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Learning competitive pricing strategies by multi-agent reinforcement learning


  • Kutschinski, Erich
  • Uthmann, Thomas
  • Polani, Daniel


In electronic marketplaces automated and dynamic pricing is becoming increasingly popular. Agents that perform this task can improve themselves by learning from past observations, possibly using reinforcement learning techniques. Co-learning of several adaptive agents against each other may lead to unforeseen results and increasingly dynamic behavior of the market. In this article we shed some light on price developments arising from a simple price adaptation strategy. Furthermore, we examine several adaptive pricing strategies and their learning behavior in a co-learning scenario with different levels of competition. Q-learning manages to learn best-reply strategies well, but is expensive to train.

Suggested Citation

  • Kutschinski, Erich & Uthmann, Thomas & Polani, Daniel, 2003. "Learning competitive pricing strategies by multi-agent reinforcement learning," Journal of Economic Dynamics and Control, Elsevier, vol. 27(11), pages 2207-2218.
  • Handle: RePEc:eee:dyncon:v:27:y:2003:i:11:p:2207-2218 DOI: 10.1016/S0165-1889(02)00122-7

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    References listed on IDEAS

    1. Varian, Hal R, 1980. "A Model of Sales," American Economic Review, American Economic Association, vol. 70(4), pages 651-659, September.
    2. Nicolaas J. Vriend, 1996. "A model of market-making," Economics Working Papers 184, Department of Economics and Business, Universitat Pompeu Fabra.
    3. Madhavan, Ananth, 2000. "Market microstructure: A survey," Journal of Financial Markets, Elsevier, vol. 3(3), pages 205-258, August.
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    Cited by:

    1. Tharakunnel, Kurian & Bhattacharyya, Siddhartha, 2009. "Single-leader-multiple-follower games with boundedly rational agents," Journal of Economic Dynamics and Control, Elsevier, vol. 33(8), pages 1593-1603, August.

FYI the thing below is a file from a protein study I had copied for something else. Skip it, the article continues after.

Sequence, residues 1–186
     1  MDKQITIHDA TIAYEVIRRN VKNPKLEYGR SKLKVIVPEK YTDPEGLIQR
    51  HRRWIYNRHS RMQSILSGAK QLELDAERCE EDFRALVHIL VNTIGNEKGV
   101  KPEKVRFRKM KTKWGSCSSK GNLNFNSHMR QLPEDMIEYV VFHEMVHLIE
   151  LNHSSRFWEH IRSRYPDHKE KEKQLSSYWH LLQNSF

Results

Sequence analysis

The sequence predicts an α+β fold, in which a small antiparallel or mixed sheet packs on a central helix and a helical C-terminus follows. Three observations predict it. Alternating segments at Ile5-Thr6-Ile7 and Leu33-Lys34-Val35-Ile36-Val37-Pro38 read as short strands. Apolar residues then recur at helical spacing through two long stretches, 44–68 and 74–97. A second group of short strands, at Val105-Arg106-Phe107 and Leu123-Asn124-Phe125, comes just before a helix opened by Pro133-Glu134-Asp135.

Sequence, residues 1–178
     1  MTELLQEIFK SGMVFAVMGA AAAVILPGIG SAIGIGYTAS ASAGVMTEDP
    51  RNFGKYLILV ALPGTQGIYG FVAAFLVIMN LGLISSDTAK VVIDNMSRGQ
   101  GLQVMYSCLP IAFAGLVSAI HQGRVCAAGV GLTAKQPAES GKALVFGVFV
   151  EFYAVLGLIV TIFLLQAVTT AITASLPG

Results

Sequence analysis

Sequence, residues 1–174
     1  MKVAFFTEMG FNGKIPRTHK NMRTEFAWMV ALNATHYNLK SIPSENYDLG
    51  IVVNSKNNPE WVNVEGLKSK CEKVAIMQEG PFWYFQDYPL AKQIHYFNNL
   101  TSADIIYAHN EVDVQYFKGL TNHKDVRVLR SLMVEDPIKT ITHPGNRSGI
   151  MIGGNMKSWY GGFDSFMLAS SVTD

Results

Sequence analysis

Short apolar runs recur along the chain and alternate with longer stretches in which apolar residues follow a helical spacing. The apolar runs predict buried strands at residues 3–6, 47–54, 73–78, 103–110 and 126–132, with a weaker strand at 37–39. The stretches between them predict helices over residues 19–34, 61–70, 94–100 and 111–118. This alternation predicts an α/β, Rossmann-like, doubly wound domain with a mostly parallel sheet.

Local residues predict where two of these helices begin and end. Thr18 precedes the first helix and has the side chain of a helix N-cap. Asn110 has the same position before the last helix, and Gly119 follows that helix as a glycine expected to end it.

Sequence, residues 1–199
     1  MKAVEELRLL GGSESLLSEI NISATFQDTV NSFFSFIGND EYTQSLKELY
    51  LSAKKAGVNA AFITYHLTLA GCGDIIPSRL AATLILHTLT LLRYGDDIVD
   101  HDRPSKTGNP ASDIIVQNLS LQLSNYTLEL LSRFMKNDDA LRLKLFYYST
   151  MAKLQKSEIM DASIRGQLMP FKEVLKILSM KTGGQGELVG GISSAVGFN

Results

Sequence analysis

2. Tong Zhang & B. Brorsen, 2011. "Oligopoly firms with quantity-price strategic decisions," Journal of Economic Interaction and Coordination, Springer;Society for Economic Science with Heterogeneous Interacting Agents, vol. 6(2), pages 157-170, November.
    3. Duffy, John, 2006. "Agent-Based Models and Human Subject Experiments," Handbook of Computational Economics,in: Leigh Tesfatsion & Kenneth L. Judd (ed.), Handbook of Computational Economics, edition 1, volume 2, chapter 19, pages 949-1011 Elsevier.
    4. Tong Zhang & B. Brorsen, 2009. "Particle Swarm Optimization Algorithm for Agent-Based Artificial Markets," Computational Economics, Springer;Society for Computational Economics, vol. 34(4), pages 399-417, November.
    5. Azadeh, A. & Skandari, M.R. & Maleki-Shoja, B., 2010. "An integrated ant colony optimization approach to compare strategies of clearing market in electricity markets: Agent-based simulation," Energy Policy, Elsevier, vol. 38(10), pages 6307-6319, October.
    6. Leonardo Bargigli & Gabriele Tedeschi, 2013. "Major trends in agent-based economics," Journal of Economic Interaction and Coordination, Springer;Society for Economic Science with Heterogeneous Interacting Agents, vol. 8(2), pages 211-217, October.
    7. Marco Raberto & Andrea Teglio & Silvano Cincotti, 2008. "Integrating Real and Financial Markets in an Agent-Based Economic Model: An Application to Monetary Policy Design," Computational Economics, Springer;Society for Computational Economics, vol. 32(1), pages 147-162, September.

    More about this item


    Distributed simulation; Agent-based computational economics; Dynamic pricing; Multi-agent reinforcement learning; Q-learning;

    JEL classification:

    • C63 - Mathematical and Quantitative Methods - - Mathematical Methods; Programming Models; Mathematical and Simulation Modeling - - - Computational Techniques


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